After some hours on the road, we arrived to the small village of Puerto Guadal. Let me give you an idea of what small here in the South of Chile means: a main square with a colourful, a small supermarket, one restaurant/café, and a maximum of 2 blocks each side of the main square resembling all the houses of the villages. I like it though: it was so quiet and peaceful, especially with the chickens running around. Another thing in such a small village: don’t imagine finding an ATM… As I had no Chilean pesos, I exchanged - for a very low rate 😞 - some of my Argentinian pesos at the supermarket. We then followed the lake again and it was as beautiful as before. We finally arrived early evening in Puerto Tranquilo. The cheap places in the village were full and the other places were overpriced, so I slept on the car that night. I thought that it would be as cold as camping, well it wasn’t: it was colder as the car isn’t isolating anything…

After such a night and the long journey of the days before, I decided to go today to Coyhaique, which was the biggest town of the region to relax for a while. On the way, we stopped at Bahia Murta, another very small village. Those villages are really nice. From Bahia Muria, as Sandro had to go back to Puerto Tranquilo for a couple of hours, I decided to hitchhike there and to see whether I would get lucky and get a car and if not well, then I will go to Coyhaique with Sandro. I hitchhike there but it wasn’t successful..; After 1 hour, a couple of French people, who were hitchhiking as well arrived. I was alone for some time and it was cold so I was very happy to meet them and to have a nice chat with them. Sandro then came by and he was very nice as he accepted to also give a lift to the French couple – Anne-Sophie and Charlie-. We all went together to Coyhaique.On the way there, we crossed a high altitude road and it was snowing there!! First time for me this year!!!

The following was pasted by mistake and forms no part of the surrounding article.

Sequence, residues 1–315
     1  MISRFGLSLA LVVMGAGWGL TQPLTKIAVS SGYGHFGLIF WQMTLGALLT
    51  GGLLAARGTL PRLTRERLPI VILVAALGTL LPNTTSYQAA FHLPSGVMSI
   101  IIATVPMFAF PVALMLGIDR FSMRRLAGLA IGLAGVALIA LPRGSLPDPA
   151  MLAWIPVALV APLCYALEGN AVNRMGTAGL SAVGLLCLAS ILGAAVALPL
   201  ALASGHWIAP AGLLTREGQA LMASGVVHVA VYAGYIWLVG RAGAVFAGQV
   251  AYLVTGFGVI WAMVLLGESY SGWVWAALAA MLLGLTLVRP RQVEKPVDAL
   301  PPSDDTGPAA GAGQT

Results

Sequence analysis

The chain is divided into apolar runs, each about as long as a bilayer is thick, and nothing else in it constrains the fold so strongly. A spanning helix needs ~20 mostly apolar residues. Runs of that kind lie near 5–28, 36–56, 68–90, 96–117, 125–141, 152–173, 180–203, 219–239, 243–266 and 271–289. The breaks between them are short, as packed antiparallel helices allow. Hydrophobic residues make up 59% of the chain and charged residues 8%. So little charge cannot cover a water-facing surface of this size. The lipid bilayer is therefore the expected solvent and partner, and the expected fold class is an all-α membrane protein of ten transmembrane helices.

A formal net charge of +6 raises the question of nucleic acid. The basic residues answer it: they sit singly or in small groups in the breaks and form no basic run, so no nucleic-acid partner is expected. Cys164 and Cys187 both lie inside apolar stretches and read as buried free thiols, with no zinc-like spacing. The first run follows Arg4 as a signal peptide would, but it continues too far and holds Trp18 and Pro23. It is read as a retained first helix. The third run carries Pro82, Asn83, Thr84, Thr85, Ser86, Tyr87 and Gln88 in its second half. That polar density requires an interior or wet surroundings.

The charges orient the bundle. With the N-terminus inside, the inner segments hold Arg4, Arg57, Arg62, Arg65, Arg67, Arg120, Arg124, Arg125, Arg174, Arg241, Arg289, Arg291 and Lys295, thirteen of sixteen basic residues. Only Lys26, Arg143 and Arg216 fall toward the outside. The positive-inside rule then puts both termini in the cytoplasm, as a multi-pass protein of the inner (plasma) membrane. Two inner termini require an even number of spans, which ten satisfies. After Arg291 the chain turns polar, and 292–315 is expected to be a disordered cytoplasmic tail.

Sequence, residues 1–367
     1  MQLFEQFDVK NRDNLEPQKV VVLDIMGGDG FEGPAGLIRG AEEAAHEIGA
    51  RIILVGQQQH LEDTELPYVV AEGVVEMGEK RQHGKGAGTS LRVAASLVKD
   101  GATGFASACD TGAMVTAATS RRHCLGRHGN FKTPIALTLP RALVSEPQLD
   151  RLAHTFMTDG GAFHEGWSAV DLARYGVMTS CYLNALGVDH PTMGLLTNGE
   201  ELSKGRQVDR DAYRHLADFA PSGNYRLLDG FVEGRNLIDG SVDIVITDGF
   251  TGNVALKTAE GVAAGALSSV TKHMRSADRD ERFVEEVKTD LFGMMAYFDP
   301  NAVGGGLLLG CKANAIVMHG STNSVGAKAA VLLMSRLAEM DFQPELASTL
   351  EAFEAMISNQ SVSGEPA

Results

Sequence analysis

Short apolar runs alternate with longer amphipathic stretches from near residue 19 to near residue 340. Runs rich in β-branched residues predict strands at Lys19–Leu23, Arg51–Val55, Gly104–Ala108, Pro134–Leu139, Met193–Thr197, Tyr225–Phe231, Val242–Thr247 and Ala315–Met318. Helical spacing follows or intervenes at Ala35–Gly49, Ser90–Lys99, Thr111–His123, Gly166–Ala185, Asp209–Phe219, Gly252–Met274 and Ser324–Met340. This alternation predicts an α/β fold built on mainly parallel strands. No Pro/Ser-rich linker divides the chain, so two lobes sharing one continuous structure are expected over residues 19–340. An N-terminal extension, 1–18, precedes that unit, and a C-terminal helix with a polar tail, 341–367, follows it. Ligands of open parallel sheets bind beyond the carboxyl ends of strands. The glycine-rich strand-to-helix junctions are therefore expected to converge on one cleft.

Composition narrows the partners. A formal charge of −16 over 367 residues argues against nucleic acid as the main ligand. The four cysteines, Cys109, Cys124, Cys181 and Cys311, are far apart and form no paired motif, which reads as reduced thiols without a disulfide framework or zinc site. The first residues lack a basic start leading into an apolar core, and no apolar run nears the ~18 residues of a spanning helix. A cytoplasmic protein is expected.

In comparison with all the small villages, I saw since my arrival in Chile, Coyhaique is much bigger with an industrial area and a huge city center.I stayed there for 2 days with the French couple in a nice hostal –Hostal Bon- to rest from the long journey since El Chalten. I didn’t thus visited a lot this city but I liked it a lot because of its surroundings: all around Coyhaique, there are mountains. Very nice 😊

During my last evening in Coyhaique, Ignacio –the hitchhiker that I met on the road in Argentina with whom I went up to Chile Chico-, joined me again to go the next day together to Puerto Chacabuco and from there take a ferry to Chiloe Island.

From Coyhaique to Puerto Chacabuco, we stopped in Puerto Aysen, which is a nice little village. We stocked up with food there –the ferry ride was 2 nights and 1 day-. The journey to Puerto Aysen was nice with the mountains and the river.

The ferry was leaving at 11pm on that day, so I directly slept when we arrived there. I was a nice ferry with comfortable seats and even a shower 😉 !! After a good first night on the ferry, I could enjoy the day on the ferry to look at the small harbours where we would stop by and the fjords with snowed-capped mountains. It was a really nice journey and I could see the sunrise and sunset there!! :D